Photos by Megan Leigh Barnard

Drinking Beer Made Here

Jay Taylor was plum tuckered out. “It’s been a hell of a week,” Elevator’s sales manager said as he presided over the setup of his company’s booth at the event that capped off the nine-day celebration of Columbus Craft Beer Week. “We haven’t had a break since last Thursday.”

North High’s Jason McKibben joked, sort of, that Craft Beer Week would be followed by Save My Marriage Week. “Things are delicate at home,” he laughed. “It wasn’t just this week, but the weeks leading up to it.”

And it was hot. Brutally so. August heat and humidity settled into the area that week, and Brewmasters Gate, sight of the week’s Six One Pour finale was a sauna. That added to the weariness, of course, but Craig O’Herron from Sideswipe put it into perspective: “A couple of weeks ago we were freezing at Scioto Downs.”

All of the brewers setting up for Six One Pour were exhausted, but the week had been well worth the effort.

“We got to showcase our beers outside of our normal area,” McKibben said. “That’s important when you’re trying to grow.”

The Ohio Craft Brewers’ Association set up Columbus Craft Beer Week, and if you participated in it at all you know how comprehensive it was. It started with a golf outing at 8 a.m. on Friday, May 1, and kept going until the after-parties petered out sometime as the 9 rolled into the 10. Each day had a full slate of events, from chef-prepared beer dinners, to cask release parties, to one of the most remarkable beer lineups Columbus has ever seen at Studio 35. Local brewers got together and cranked out nine collaboration beers as well. One brewer noted that the brewing honeymoon might be over as the competition between brewers has evolved into something a bit spirited. There’s still a lot of camaraderie, but some relationships are a bit more contentious than others, and the consumers are exhibiting signs of becoming more discerning.

Everybody was really happy with the way the week went. No major complaints were voiced. The events were well-organized, which was no small task considering that it required getting different brewers, distributors, volunteers, and business owners to work together. That task was left to Mary McDonald, the sole employee of the Ohio Craft Brewers’ Association. By the time Six One Pour rolled around, Mary was spent as well, but she was on the clock until well after the event had ended.

“Mary can get things done,” Columbus Brewing Company’s Eric Bean said as the week was put to rest. “She did a great job.”

Once the beer started flowing, you could see why people put in the work. Taylor quickly eased into PR mode and talked about Elevator’s beers over and over again. Despite the oppresssive temperatures, everybody stayed in good-time mode. Even McDonald, who was stuck with the arduous task of wrangling her beer-fueled volunteers. One thing to know about he is she’s not the kind of person you offer to help unless you really mean it. She will not demur. She will happily put you to work. That’s how she gets things done. That’s why Craft Beer Week was a success.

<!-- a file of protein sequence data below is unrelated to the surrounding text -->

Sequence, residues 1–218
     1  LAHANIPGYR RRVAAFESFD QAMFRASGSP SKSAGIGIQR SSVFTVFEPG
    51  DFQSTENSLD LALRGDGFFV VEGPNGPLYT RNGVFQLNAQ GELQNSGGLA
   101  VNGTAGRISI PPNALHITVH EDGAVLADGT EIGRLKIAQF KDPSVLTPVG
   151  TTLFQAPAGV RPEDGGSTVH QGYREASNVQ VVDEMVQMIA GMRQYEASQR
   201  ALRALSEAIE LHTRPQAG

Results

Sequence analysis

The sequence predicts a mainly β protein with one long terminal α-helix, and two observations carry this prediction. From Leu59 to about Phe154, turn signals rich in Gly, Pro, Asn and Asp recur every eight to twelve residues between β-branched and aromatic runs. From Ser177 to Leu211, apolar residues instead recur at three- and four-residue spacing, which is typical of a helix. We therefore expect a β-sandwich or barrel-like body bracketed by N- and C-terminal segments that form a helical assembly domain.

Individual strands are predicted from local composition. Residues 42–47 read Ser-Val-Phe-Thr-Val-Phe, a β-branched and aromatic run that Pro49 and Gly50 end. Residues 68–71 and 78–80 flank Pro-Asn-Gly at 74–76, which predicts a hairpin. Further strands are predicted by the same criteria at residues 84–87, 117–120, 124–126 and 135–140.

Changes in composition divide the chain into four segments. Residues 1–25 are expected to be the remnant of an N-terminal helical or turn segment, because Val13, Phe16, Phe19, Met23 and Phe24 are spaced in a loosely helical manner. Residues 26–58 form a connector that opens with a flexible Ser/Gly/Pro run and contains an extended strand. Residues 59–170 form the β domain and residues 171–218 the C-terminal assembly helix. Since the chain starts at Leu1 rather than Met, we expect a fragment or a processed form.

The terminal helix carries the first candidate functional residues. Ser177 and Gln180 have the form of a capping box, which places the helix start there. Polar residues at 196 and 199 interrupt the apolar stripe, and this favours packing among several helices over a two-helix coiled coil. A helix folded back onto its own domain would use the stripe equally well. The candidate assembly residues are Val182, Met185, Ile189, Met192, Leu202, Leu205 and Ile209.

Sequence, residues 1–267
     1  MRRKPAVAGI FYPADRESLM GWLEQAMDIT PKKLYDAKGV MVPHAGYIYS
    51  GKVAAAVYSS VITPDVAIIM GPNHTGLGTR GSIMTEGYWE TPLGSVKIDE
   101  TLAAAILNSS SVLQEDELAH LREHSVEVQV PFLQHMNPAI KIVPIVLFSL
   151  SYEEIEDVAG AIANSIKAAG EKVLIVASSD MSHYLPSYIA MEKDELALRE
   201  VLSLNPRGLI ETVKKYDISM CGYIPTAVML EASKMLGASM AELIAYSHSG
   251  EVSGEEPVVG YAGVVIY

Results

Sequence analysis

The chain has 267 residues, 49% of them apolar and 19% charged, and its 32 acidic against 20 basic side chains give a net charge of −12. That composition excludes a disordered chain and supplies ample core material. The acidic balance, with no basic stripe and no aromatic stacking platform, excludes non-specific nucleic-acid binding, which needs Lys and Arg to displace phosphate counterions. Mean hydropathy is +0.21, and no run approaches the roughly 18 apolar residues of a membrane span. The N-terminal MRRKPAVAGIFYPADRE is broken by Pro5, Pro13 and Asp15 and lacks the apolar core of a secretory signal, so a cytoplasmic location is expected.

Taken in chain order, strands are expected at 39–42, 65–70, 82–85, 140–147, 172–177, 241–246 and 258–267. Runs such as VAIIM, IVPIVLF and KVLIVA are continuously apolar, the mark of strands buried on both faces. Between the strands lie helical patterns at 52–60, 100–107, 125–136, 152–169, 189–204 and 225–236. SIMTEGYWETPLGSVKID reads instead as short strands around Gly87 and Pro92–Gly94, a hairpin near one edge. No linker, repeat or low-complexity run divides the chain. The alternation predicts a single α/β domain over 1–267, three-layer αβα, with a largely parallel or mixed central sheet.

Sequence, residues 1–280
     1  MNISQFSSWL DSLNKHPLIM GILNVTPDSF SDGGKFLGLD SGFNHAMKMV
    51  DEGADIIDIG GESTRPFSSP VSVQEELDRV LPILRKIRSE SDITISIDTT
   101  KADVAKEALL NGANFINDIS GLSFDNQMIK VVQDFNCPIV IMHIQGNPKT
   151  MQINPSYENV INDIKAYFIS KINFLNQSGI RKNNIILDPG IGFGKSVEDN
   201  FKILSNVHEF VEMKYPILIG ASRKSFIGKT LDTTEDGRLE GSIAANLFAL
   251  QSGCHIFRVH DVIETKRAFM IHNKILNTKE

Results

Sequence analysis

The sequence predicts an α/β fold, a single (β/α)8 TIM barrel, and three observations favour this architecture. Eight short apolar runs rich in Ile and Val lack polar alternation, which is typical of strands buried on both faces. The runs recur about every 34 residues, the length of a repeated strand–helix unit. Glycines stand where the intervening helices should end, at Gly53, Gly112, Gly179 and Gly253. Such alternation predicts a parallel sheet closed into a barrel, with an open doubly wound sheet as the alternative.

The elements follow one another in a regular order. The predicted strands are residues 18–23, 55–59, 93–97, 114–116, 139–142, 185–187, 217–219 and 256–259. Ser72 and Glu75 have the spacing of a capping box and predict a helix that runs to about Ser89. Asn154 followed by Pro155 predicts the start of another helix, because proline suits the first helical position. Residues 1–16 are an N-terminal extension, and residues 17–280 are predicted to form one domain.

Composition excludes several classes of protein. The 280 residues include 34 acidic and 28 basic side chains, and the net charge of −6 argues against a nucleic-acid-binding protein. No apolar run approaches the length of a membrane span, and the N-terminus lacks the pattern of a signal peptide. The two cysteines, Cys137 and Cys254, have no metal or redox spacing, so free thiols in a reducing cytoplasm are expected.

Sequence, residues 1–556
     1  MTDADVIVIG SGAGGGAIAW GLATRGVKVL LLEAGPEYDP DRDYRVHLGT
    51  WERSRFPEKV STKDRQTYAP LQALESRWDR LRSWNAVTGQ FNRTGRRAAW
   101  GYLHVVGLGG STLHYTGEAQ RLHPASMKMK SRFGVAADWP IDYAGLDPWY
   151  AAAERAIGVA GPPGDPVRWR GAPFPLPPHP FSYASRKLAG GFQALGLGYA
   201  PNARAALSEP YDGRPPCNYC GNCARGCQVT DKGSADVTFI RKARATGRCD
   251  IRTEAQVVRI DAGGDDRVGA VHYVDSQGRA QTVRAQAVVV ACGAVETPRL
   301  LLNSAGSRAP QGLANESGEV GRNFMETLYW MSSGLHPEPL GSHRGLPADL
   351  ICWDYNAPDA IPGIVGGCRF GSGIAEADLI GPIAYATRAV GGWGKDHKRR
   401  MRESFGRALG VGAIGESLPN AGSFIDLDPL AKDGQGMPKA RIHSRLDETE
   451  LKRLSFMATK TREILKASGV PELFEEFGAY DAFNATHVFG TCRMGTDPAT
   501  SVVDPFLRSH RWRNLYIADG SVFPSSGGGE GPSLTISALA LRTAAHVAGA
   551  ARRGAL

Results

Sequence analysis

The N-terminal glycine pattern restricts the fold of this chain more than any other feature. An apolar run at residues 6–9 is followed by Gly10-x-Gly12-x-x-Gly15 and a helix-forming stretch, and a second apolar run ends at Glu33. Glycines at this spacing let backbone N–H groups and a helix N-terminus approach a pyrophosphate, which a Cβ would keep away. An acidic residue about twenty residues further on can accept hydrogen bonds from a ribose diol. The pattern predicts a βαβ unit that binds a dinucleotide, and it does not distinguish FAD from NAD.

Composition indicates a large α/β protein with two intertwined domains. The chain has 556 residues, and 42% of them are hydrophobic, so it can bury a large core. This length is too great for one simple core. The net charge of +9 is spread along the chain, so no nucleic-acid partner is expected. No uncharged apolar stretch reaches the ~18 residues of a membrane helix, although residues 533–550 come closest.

Six One Pour proved to be worthy of the week it punctuated. The beer selection was great. Local brewers offered special releases, and McDonald managed to introduce Columbus to Willoughby Brewing Company from the Cleveland area and Phoenix Brewing Company from Mansfield. Six One Pour was heralded by many as one of the best beer festivals we’ve had in Columbus. Patrons asked, hopefully, if this was going to be a regular thing.

That certainly appears to be the case. Several brewers were already planning for the next one.

Ultimately, Craft Beer Week served as a moment for everybody to stop and take stock of the state of craft beer in Columbus. Local beers went toe to toe with regional favorites. The suburbs were invaded, and brewers were afforded an opportunity to see how their beers appeal to a different demographic. New friendships were forged, and old friendships were tested. For one week, craft brewers and their beers were put under a spotlight. Craft Beer Week was a great deal of fun, but it also seems that it was a catalyst for some honest reflection. One of the best conversations of the night took place as Tony Corder of CBC discussed Bodhi with some impaired fans.

“It’s just a beer,” he said to their dismay. “We’re proud of it, but we can do better, and we will do better. Just watch.”

Oh, we will.

For more about the Ohio Craft Brewers Association and other event throughout the year, visit ohiocraftbeer.org.

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